The transparent society envisioned by David Brin (and notable in his novel “Earth”) is an interesting concept, but, truly, transparency across ALL parts of society is, for the most part, unlikely. John Brunner explored the other side of that coin in “Shockwave Rider”.

Transparency can only be tolerated (much less embraced) when everyone loses privacy, rather than all of us but the “elite”.

Of course, even with lives as dull as ditchwater, data mining may make… ahem… unexpected connections.

averros December 13, 2006 11:55 PM

The massive surveilliance has only one purpose – to instill fear of the Government Almighty in the sheepie. As for dealing with the real dangers to the government, there’s no need to nab them for minor offenses and track their movements when simply planting some drugs would suffice to nab them for a long time.

Actually, my own contacts with secret police agencies in different countries convinced me that the only thing which is really secret about them is their astonishing incompetence. Their reputation is based on the fear-mongering alone; even the mighty Soviet KGB which employed close to a million people was unable to squelch a small bunch of vocal dissidents.

So let them drown in the flood of irrelevant data. It looks scary, but in the reality it will make them even more impotent .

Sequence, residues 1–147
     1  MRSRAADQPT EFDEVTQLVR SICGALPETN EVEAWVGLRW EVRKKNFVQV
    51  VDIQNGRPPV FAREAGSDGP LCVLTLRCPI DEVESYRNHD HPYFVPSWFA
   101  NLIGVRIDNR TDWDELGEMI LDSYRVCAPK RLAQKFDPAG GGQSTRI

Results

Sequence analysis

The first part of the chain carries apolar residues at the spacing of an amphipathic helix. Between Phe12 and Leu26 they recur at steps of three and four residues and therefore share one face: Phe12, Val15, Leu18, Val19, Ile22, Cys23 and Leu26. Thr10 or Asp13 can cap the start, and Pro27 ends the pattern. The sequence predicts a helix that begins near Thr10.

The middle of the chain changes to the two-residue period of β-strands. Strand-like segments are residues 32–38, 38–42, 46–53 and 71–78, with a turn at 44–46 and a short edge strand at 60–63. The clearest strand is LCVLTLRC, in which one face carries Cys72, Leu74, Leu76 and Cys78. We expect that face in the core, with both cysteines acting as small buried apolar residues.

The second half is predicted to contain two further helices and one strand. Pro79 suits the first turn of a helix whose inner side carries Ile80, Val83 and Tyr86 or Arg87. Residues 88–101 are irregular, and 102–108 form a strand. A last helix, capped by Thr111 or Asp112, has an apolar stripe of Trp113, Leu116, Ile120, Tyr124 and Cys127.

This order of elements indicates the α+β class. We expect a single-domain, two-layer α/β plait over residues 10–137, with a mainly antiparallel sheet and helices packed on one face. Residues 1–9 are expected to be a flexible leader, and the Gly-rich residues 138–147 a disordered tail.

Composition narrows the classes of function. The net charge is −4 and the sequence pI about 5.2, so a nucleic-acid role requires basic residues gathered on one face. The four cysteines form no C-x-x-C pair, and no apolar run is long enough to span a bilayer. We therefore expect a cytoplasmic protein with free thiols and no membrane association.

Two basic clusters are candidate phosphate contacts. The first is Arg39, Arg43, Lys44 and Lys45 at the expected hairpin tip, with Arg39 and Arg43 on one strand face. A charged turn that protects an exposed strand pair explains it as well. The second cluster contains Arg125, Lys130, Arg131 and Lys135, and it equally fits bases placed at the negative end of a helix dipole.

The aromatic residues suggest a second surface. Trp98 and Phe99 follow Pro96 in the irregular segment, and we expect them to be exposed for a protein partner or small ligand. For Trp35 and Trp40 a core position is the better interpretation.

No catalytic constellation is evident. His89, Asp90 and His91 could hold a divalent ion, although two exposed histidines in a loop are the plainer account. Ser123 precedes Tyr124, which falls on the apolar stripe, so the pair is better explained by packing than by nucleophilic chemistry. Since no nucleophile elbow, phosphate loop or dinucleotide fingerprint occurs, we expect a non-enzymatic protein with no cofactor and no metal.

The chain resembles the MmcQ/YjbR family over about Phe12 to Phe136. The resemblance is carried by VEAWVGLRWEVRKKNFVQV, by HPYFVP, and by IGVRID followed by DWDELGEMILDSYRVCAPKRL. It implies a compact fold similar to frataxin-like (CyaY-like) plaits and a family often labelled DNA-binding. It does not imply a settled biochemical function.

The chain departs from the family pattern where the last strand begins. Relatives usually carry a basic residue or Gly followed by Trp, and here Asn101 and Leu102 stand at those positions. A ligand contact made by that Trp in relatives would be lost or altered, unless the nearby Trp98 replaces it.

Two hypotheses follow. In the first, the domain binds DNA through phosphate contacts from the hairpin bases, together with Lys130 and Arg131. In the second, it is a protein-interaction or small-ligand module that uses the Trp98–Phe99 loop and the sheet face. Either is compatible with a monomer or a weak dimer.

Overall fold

supersnail December 14, 2006 4:23 AM

“So let them drown in the flood of irrelevant data. It looks scary, but in the reality it will make them even more impotent .”
The problem here as that incompetence is not the same as impotence. The problem is that incompotent but powerful agencies will use “proof” supplied by data mining to make life hell for spme innicent suckers.

Comment December 14, 2006 5:34 AM

Interesting – not so much for what the report say, but for the arguments that is not said.

This trend is eroding – NOT improving – security as it makes all wictims more vulnurable wheras the attackers can easilty hide.

This trend also WORSEN market processes as it unbalance the end-purchasers pwoer and ability to enforce actual preferences on the value chain innovation process.

Even worse because we see a strong tendency to make business silos around the communication gateways and espacially the “trusted parties” which of course turn out to be not-so-trustworthy by the very design choices.

Government fail to see that what they are doing is making soctety still more ineffective eGovernment is turning into an ever worse conmmand and control type of economy where there are no innovation drivers. The same problem is now being exported to the private sector and abroad through legislation and legislation-like standardisation.

This is not only about some ligth-weight civil liberty issues which are easily pushed aside with “Are you with us or with the terrorist”.

What they are really ignoring is that they are CREATING crime and terror through abusing or fighting such unreflected initiatives (incl. feed channels that require bad security) and DESTROYING the fundamental innovation and prosperity drivers in the economy.

The term “group decision process” must have a bigger brother reflecting the combination of concentration of power and sheer incompetence interlinked and scaled through global communication and a media mindspan.meassured in minutes rather than days.

Question is what historians 50 years from now are going to call this maybe all-time-low in political ideology and open society?